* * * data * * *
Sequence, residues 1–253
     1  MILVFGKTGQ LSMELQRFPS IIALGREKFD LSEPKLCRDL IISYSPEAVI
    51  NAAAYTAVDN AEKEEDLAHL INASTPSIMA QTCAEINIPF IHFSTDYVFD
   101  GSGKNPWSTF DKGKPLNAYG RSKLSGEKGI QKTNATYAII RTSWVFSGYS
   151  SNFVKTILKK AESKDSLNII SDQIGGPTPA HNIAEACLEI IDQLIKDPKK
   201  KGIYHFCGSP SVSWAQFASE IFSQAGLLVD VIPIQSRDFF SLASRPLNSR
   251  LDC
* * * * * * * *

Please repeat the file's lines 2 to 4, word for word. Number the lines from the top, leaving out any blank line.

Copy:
     1  MILVFGKTGQ LSMELQRFPS IIALGREKFD LSEPKLCRDL IISYSPEAVI
    51  NAAAYTAVDN AEKEEDLAHL INASTPSIMA QTCAEINIPF IHFSTDYVFD
   101  GSGKNPWSTF DKGKPLNAYG RSKLSGEKGI QKTNATYAII RTSWVFSGYS